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Am I confusing input & output impedance?

  1. May 23, 2015 #1
    1. The problem statement, all variables and given/known data

    design a common-emitter amplifier with an output impedance of 4.7kOhms and again of-10 using a transistor with a beta=200 powered by a 12V DC supply.

    2. Relevant equations

    v=ir
    3. The attempt at a solution

    ------------------------------------------------------
    rest of the problem i get; just this one thing bugging me.
    the solution starts out with solving for the collector current. I understand why the output is taken at the collector, but i don't get why they set R_c equal to the given output impedance. i thought the output impedance was the equivalent resistance as seen from where ever the "output" was being taken (in this case the collector).
     
  2. jcsd
  3. May 23, 2015 #2

    CWatters

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    Perhaps think of a amplifier as a voltage source that has some internal resistance (capacitance or inductance). The output impedance is a measure of how near the output is to an ideal voltage source. If the output impedance is very low then the load (the input impedance of the next stage) will have little effect.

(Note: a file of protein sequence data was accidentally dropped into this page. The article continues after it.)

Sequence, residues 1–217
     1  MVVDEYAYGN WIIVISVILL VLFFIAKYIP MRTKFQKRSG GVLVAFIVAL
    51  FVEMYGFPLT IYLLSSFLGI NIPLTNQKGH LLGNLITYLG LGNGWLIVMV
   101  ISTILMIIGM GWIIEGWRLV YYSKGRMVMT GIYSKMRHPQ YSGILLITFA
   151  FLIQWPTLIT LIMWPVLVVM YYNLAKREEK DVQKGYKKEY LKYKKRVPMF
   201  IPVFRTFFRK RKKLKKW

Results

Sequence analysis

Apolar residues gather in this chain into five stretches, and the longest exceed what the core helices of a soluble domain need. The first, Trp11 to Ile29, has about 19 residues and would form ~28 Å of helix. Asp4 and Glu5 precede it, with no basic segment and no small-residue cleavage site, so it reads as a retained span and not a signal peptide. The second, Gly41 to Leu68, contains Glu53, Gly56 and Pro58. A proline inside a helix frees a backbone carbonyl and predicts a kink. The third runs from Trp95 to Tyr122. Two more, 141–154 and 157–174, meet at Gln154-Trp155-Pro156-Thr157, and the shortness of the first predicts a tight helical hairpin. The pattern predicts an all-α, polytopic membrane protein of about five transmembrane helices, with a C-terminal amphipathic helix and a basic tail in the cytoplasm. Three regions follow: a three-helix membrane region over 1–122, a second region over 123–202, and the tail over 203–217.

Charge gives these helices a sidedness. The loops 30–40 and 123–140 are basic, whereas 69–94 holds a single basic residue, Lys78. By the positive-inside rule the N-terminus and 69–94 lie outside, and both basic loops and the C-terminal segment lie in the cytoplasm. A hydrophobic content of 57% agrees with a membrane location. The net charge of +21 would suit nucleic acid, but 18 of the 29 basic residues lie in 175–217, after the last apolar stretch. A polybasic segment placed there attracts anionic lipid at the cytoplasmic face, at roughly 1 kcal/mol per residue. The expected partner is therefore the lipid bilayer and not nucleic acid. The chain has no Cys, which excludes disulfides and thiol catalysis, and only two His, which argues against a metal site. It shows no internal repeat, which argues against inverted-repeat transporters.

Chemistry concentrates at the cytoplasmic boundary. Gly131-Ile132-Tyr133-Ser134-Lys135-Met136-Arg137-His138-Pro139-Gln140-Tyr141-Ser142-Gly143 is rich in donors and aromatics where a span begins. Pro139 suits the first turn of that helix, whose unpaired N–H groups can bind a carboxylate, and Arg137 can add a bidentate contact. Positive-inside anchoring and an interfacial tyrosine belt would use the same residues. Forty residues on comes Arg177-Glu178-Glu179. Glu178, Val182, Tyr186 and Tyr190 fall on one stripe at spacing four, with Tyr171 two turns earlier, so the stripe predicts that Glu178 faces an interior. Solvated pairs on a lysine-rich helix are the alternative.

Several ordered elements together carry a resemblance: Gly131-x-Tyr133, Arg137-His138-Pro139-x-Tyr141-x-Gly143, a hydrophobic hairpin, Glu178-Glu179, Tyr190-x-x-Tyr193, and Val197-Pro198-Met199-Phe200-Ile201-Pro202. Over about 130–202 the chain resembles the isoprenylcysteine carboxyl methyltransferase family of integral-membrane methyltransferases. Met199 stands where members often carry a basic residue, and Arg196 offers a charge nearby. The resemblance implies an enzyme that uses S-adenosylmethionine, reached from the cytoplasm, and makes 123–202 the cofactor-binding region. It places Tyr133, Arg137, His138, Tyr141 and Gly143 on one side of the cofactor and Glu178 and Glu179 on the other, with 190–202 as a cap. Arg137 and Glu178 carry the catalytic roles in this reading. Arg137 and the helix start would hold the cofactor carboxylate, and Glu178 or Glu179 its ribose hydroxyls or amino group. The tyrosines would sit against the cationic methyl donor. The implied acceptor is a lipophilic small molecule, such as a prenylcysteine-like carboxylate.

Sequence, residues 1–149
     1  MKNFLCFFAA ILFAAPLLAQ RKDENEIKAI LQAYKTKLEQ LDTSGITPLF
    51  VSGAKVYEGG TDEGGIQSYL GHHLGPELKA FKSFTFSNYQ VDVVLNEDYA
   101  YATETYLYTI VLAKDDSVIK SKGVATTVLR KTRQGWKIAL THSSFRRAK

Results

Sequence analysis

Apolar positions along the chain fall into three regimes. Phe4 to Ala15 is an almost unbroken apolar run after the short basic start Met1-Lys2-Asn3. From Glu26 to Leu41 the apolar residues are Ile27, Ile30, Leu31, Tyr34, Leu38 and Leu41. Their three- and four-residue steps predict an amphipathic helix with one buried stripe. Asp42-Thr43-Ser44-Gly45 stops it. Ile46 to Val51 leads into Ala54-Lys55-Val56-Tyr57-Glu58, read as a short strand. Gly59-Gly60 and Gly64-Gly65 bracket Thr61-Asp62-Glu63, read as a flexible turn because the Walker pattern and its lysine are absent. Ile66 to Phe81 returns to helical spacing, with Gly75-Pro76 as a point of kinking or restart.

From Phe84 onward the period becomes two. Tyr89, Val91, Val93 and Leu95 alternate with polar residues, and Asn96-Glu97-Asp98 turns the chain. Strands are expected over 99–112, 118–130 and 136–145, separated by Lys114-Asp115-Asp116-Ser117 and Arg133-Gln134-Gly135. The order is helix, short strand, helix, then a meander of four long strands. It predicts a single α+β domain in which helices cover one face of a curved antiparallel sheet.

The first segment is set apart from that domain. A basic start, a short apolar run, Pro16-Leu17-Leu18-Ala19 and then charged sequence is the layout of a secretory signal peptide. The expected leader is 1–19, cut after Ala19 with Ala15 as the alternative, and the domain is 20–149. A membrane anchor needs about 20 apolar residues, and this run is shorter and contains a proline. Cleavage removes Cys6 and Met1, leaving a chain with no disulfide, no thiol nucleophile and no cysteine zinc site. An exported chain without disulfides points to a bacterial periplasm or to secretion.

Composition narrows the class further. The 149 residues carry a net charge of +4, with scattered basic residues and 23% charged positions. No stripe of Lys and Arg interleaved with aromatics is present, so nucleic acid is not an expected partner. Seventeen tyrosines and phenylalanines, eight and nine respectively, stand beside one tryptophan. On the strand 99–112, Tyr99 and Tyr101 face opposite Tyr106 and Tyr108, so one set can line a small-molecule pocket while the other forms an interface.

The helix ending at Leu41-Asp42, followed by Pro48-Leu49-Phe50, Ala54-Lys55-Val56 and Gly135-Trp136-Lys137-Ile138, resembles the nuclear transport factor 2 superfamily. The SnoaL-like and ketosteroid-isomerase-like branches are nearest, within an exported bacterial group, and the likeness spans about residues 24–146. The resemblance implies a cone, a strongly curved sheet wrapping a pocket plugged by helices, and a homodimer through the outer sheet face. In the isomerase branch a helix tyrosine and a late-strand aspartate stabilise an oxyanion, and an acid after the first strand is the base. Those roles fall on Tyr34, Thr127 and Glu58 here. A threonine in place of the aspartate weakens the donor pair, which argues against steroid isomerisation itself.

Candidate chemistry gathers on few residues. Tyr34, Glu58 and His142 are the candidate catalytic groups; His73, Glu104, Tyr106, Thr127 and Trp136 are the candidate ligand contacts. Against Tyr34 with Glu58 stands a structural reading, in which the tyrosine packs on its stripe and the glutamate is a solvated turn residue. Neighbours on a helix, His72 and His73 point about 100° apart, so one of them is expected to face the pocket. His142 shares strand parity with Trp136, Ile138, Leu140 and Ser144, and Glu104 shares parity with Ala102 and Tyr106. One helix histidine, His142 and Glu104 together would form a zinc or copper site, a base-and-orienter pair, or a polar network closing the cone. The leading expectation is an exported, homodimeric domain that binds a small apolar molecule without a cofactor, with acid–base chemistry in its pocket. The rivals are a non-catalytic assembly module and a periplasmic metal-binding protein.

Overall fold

The output impedance of a common emitter amp is roughly equal to the collector resistor. The required output resistance was specified as 4.7K so they set the collector resistor at that value.
     
  4. May 23, 2015 #3

    LvW

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    ...because the exact output resistance is ro||Rc. And the internal BJT output resistance ro is very large (20...50 kohms).
     
  5. May 23, 2015 #4
    but if we were in saturation mode would we take into account r0?
     
  6. May 23, 2015 #5

    CWatters

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    Why would the transistor be saturated? It should be in a linear mode.
     
  7. May 23, 2015 #6
    high power switch?
     
  8. May 23, 2015 #7

    CWatters

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    Well yes in a switch the transistor might be saturated but normally you would hope it's not saturated in an amplifier. What happens to the output if it does?
     
  9. May 23, 2015 #8

    LvW

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    In your question, you spoke about a common-emitter amplifer, didn`t you?
     
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